The specialty products include lactose-free milk; organic milk produced from cows that are 100 percent grass-fed and given no grain; milk produced only from Jersey cows, which naturally contains more protein and calcium; chocolate milk with added sweetness but not from high-fructose corn syrup; milk with more protein and calcium, and less sugar, processed using ultrafiltration; milk containing A2 not A1 protein, which many believe is more easily digested; an energy-boosting milk that contains almost four times as much protein as conventional milk; and fat-free milk with more protein and calcium that advertises it tastes like whole milk.

All of the specialty products are ultra-pasteurized and are only produced in one or maybe two plants. Ultra-pasteurization extends the shelf life until opened and allows these products to be distributed over a larger area.

It will be interesting to watch the long-term demand for these newer specialty milks. If demand grows for these milks, look for some supermarkets to begin offering them under their own store brand and for local processors to start bottling and distributing them as well.

Plant-based beverages

As stated earlier, in the same milk case with fluid milk products this supermarket, as well as most, offers what they call “milk alternatives.” I prefer to call these alternatives “plant-based beverages.” It takes a mammary gland to produce milk, and I do not know of any plants with mammary glands. The 39 plant-based beverages include: almond, cashew, hazelnut, soy, walnut, coconut and rice.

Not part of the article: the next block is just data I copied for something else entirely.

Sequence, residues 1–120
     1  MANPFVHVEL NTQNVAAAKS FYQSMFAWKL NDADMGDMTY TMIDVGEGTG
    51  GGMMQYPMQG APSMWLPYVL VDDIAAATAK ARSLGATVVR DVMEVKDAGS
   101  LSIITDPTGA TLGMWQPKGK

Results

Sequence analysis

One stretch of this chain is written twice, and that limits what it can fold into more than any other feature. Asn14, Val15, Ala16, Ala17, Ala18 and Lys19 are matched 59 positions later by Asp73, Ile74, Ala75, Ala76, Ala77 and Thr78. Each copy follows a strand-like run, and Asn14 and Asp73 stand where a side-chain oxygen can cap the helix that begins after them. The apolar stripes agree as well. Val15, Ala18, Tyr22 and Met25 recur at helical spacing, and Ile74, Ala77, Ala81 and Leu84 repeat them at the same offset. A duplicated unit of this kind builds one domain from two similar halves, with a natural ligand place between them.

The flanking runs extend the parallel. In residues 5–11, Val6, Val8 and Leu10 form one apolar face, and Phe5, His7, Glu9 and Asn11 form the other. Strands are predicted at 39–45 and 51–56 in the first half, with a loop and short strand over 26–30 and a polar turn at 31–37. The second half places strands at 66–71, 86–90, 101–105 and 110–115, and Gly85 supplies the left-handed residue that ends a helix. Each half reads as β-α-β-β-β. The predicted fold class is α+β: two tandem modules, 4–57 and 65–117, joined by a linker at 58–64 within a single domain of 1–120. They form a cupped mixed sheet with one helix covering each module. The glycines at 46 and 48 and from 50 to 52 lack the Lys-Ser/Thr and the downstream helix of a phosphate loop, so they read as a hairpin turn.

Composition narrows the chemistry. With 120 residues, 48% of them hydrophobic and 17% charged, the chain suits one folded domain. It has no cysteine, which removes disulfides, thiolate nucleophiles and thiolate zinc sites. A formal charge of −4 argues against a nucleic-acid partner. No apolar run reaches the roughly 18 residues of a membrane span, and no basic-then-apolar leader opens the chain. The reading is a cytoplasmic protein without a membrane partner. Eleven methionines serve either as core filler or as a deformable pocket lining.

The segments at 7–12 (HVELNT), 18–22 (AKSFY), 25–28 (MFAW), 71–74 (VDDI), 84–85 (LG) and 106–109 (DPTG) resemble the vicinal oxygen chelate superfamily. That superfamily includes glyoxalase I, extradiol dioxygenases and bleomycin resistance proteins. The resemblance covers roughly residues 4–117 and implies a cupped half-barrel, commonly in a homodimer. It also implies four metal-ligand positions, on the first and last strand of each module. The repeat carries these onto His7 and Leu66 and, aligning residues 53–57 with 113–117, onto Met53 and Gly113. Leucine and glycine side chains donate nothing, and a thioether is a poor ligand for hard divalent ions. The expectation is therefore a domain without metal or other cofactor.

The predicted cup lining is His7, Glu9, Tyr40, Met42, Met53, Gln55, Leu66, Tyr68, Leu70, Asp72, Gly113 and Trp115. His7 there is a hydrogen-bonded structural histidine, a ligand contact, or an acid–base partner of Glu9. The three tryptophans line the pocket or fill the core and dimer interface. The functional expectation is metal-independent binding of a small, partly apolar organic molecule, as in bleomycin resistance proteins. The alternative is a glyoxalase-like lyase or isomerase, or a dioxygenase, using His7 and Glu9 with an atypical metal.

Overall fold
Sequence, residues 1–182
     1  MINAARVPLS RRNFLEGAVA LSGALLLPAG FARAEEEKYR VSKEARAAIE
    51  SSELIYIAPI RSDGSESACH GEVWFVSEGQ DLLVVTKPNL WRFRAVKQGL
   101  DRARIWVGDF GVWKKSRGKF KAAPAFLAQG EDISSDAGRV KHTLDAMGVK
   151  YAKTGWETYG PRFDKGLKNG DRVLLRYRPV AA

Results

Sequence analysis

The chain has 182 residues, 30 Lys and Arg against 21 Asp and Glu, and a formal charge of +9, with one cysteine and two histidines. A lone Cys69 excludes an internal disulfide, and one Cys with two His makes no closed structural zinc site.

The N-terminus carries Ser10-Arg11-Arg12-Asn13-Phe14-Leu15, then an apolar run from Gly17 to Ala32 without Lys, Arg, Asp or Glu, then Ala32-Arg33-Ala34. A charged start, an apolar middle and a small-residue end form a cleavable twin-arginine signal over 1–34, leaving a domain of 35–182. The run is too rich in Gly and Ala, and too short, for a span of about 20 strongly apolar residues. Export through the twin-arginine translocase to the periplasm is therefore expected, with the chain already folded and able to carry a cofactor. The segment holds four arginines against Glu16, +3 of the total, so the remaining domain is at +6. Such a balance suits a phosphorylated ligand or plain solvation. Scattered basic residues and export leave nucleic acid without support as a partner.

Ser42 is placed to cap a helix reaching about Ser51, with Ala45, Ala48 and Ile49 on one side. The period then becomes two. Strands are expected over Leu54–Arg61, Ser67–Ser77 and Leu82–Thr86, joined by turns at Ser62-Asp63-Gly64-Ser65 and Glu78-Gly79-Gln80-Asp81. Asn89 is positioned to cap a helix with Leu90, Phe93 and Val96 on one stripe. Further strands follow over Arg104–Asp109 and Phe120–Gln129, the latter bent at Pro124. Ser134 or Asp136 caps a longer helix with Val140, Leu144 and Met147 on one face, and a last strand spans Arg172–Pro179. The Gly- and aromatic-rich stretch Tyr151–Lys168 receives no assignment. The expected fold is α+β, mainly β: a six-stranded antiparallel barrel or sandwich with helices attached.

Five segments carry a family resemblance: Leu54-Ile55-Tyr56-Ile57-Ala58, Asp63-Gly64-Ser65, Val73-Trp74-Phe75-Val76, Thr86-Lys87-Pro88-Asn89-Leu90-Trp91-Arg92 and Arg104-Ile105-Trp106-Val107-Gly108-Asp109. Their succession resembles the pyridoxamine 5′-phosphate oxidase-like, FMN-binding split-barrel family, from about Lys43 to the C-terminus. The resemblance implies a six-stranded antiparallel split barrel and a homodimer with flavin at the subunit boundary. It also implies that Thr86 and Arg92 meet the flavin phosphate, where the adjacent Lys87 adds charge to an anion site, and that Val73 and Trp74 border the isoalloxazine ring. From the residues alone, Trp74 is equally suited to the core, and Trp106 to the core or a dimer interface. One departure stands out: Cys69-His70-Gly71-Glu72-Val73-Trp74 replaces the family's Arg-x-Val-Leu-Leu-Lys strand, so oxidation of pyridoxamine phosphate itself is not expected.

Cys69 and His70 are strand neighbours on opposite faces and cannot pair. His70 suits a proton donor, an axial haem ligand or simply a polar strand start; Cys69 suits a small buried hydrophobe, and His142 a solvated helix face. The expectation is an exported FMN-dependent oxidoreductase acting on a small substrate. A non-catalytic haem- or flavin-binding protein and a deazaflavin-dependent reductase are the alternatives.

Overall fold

Some are flavored with vanilla and chocolate. In this particular milk case, there are seven different companies represented other than the supermarket’s private label. As a comparison, nine companies plus the supermarket label have fluid milk products.

Are plant-based beverage products taking sales away from cow’s milk? An article in the September 18, 2017 Livestock, Dairy, and Poultry Outlook titled “On Different Trajectories: A Look at Sales of Cow’s Milk and Plant-Based Analogs” addresses this question. The article reports plant-based products are taking more space in the milk case.

Using household scanner data for the years 2013-2015 (most recent available), the study shows the market share of milk (cow) versus plant-based beverage products declined about 2 percent from 2013 to 2015 (Table 1).

Market share of cow's milk versus plant-bases beverages

Better news is 2015 scanner data that shows 92.2 percent of consumers purchased milk, while 32.2 percent purchased plant-based beverages some time during the year. Of the 89.7 percent of households who purchased plant-based beverages, they also purchased milk.

While only 3.3 percent of households only bought plant-based beverages and no milk. Plus, milk has a cost advantage over plant-based beverages. In 2015, the average price for a half-gallon of milk was $2.42 while the various plant-based beverages averaged from $2.87 to $3.03 per half-gallon.

It is discouraging to think 30 percent of the total products in a milk case (39 out of 126 in this supermarket) are plant-based beverages but still carry the word “milk” on their labels. Hopefully, efforts underway to change this misconception, such as congressional legislation, known as the Dairy Pride Act, will be successful in preventing non-dairy products, such as these milk alternatives, from being labeled as milk.

In conclusion, let’s be optimistic the increased variety of milk products in the milk case will increase fluid milk consumption. And consumers will realize those plant-based beverages, even though they are in the milk case, are not milk.  end mark

Calvin Covington is a retired dairy cooperative CEO and now does some farming, consulting, writing and public speaking.

Calvin Covington